Scroll half way down this blog about pools in Sydney’s Inner West to find their thoughts on Drummoyne.
This blogger took a shot of Drummoyne Pool during the winter off-season. A very different looking place…Again, scroll down to find it
This swimming blogger came in 2009
And our old friend swimming blogger Sally blogged about Drummoyne as long ago as 2007!
Coffee, tea or milkshake after the swim?
It’s worth the 10-12 minute walk into the heart of Drummoyne for the best coffee around here
Three Rosettas Espresso Bar & Café – Lyons Road, Drummoyne
Open Monday to Saturday 6.30am – 4.30pm (slightly shorter on Sat)
Three Rosettas reviewed by the Fancy a Cuppa website
I’m a great believer in going the extra half mile if it brings you the best coffee or tea for that post swim cuppa. And Three Rosettas is one of those venues. Surely the best coffee in Drummoyne. They get their coffee from the excellent Sensory Lab roasters in Melbourne; and their tea from a Melbourne supplier I also didn’t know, called Karma Sutra! I loved watching the care with which the barista prepared my single origin flat white and it was such good quality I had to have a second, opting for more of the same rather than the – apparently – darker roast house blend. Seats out the back outside if you want, or sit inside under the wall covered in pictures of latte art and other coffee paraphernalia.
8 thoughts on “Drummoyne Olympic Pool – Drummoyne, NSW 2047”
Used this pool a occasionally a few couple of years back when I had a reason to be in the area. About the only thing I can add about using the pool is that the grass area wasn’t big enough for the numbers using it and partially turned to dirt by the end of the season.
Can sort of answer your ‘what was hear before’ query though. From the second entry (surprised you didn’t see it) of https://canadabayconnections.wordpress.com/tag/drummoyne-swimming-pool/
“The first swimming baths at Drummoyne were opened in November 1899, close to where the current pool is located. It was a floating timber structure, moored in place by a large punt that allowed the platform to be lowered or raised depending on the tidal flow of the Parramatta River. The baths were reserved for ‘the convenience of ladies’ from 11 am to 3 pm.
In 1904 a permanent structure was built at a cost of £3000. The pool was cut out of solid rock with a concrete wall erected to keep out seawater. It is one of the oldest Council pools in Sydney.”
Thanks again, Graeme. I just wish Drummoyne made more of their history in the same way Granville Pool has done – it’s a fantastic story
Thanks for the great review, Simon.
Last year we compiled a complete history of Drummoyne Swimming Club, including some interesting photos and artefacts, which we entrusted to Five Dock Library for their exhibition and safekeeping, for anyone interested in learning more about the Club (refer to Graeme’s link). We would certainly be happy to provide anyone with any further information about the rich history of pool and Club.
Drummoyne Swimming Club meets every Saturday morning from 7.30am to 10.30am during the summer months, located next to beautiful Sydney harbour. We are a family-friendly community club, where children can race their parents and grandparents in a handicap racing format, which gives everyone a chance to win!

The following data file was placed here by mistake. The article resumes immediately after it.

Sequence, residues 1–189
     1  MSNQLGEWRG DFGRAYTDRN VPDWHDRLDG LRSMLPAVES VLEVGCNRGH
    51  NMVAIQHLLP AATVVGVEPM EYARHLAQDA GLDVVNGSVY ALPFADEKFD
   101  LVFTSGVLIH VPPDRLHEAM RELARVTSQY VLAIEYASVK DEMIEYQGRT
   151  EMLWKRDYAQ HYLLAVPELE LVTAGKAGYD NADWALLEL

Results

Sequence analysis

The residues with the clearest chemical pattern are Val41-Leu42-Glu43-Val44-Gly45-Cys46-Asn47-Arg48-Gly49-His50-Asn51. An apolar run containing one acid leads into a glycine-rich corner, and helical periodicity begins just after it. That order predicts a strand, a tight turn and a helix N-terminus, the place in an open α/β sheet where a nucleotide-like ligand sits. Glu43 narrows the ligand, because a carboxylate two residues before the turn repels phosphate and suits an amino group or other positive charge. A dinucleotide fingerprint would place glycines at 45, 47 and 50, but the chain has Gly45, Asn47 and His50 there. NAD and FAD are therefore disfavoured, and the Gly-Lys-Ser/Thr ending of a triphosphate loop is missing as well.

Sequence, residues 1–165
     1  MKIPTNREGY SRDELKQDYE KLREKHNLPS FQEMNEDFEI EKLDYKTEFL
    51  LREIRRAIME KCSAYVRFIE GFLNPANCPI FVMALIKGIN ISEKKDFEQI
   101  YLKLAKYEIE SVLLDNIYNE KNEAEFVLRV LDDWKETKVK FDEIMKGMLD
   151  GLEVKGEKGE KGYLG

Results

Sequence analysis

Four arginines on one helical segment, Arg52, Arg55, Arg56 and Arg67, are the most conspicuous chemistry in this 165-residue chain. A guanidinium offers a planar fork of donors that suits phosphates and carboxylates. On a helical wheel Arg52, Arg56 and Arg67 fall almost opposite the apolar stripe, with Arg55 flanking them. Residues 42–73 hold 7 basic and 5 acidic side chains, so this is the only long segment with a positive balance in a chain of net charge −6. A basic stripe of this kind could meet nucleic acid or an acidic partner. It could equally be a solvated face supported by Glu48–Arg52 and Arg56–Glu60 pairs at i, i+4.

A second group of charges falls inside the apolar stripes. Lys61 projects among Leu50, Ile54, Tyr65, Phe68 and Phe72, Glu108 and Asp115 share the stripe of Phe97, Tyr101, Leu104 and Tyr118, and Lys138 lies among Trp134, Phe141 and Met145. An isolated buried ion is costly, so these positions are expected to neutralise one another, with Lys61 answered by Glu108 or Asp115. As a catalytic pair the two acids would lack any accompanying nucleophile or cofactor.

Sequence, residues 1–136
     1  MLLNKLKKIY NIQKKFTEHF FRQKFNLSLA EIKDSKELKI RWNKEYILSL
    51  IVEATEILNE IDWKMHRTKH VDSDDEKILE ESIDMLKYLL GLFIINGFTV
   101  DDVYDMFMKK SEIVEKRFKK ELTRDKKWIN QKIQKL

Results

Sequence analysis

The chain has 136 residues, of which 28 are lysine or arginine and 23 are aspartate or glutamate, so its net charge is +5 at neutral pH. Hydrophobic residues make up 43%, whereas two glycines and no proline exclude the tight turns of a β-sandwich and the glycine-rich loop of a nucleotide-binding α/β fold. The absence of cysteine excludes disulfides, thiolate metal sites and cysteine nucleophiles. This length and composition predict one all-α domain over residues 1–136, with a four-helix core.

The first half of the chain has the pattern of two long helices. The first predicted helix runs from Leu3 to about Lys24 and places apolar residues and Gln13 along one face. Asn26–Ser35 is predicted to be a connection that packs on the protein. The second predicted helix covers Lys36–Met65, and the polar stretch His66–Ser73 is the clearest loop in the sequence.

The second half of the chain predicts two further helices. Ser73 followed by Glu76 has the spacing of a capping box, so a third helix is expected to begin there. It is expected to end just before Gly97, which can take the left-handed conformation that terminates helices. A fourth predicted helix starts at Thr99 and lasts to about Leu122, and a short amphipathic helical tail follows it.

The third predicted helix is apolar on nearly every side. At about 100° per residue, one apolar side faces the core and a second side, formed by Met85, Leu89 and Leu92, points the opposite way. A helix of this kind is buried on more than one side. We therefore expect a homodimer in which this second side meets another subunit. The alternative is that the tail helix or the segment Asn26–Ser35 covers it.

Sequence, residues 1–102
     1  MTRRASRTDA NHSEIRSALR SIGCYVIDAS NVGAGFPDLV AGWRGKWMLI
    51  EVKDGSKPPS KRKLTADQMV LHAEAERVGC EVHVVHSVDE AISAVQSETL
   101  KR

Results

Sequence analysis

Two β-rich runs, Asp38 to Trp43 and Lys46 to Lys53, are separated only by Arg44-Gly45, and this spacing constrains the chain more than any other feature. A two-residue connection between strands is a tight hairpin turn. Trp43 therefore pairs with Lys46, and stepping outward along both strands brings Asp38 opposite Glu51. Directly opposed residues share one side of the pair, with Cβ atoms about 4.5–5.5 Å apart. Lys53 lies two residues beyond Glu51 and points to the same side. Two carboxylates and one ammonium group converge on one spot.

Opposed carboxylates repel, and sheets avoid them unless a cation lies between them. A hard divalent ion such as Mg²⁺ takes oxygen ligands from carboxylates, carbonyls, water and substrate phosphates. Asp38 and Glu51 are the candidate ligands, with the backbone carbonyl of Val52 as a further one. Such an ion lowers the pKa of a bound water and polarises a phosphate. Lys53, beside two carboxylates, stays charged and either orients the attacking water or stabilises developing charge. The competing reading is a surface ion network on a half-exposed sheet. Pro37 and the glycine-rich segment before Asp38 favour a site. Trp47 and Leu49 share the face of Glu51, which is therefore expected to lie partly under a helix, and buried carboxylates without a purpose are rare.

If anyone is visiting the area during at this time you are more than welcome to join us as a guest for a swim. Visit our web page at http://www.drummoyneswimclub.com.au or contact us at firstname.lastname@example.org for further information.
Thanks again for creating this site. It’s a great resource for everyone who loves their ocean-side swimming, like us!
Duncan Lyon, Drummoyne Swimming Club
Thanks Duncan. Glad you like the site. And yes I shall have to get myself over to the library to see your exhibition of history and stories of Drummoyne Pool. Lucky locals who live nearby
I learned to swim in what was then called Drummoyne baths.It became a hangout for the local kids and we spent many a happy time there as we transitioned to teenagers and flirted with the boys in our latest swimsuits which often didn’t even get wet, especially on rainy days when we just hung around and listened to someones transister radio and laughed a lot. Meanwhile Forbes and Ursula Carlisle ran the pool and the little takeaway shop and Forbes coached a young Shane Gould to become a future Olympian! who knew? I lived across the infamous Victoria Rd long before there were traffic lights and we used to follow a path under the bridge as it was safer than trying to cross that road. The saying was ” if you wanted to get to the other side of victoria Rd you had to be born there!” I also remember Dunlop Tyre factory before it closed down to make way for Birkenhead . Happy memories!
Fantastic memories Kerry. So you met Shane Gould and swam with her? Or were you keeping you swimsuit dry while she trained?? I’d love to meet her one day. I hear she is writing about pools too these days.
John Bennett swam his world record for 800m at the NSW Championships on January 16,1967. Bennett overcame adverse conditions to record 8 minutes 47.3 seconds in winning the NSW title and taking 12.3 seconds off the 8 year old Australian and NSW record held by John Konrads.A good time was expected from Bennett after he became the first Australian to break 17 minutes for the 1,500 metres in the first night of the finals of those NSW Championships.
Thanks Bryan. That would have been 3 months before our brief stay in Drummoyne. I bet it was all the talk of the pool changing sheds then, though probably passed by the priorities of this 7-year old at the time!